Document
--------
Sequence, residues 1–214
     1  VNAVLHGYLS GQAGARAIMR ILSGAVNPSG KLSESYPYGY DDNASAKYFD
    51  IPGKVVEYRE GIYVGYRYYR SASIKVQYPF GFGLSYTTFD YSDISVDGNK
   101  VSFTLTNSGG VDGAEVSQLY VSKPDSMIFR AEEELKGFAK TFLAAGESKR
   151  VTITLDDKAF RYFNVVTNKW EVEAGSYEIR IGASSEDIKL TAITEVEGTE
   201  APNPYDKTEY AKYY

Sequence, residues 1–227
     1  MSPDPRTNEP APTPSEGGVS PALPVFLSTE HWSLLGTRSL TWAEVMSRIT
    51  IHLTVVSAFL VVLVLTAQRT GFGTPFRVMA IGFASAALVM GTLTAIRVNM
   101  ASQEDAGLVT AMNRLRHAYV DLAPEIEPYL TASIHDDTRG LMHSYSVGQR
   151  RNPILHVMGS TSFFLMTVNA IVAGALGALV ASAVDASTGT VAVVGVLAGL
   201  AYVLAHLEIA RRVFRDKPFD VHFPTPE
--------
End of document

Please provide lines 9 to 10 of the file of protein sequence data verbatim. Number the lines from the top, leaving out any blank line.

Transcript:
    51  IHLTVVSAFL VVLVLTAQRT GFGTPFRVMA IGFASAALVM GTLTAIRVNM
   101  ASQEDAGLVT AMNRLRHAYV DLAPEIEPYL TASIHDDTRG LMHSYSVGQR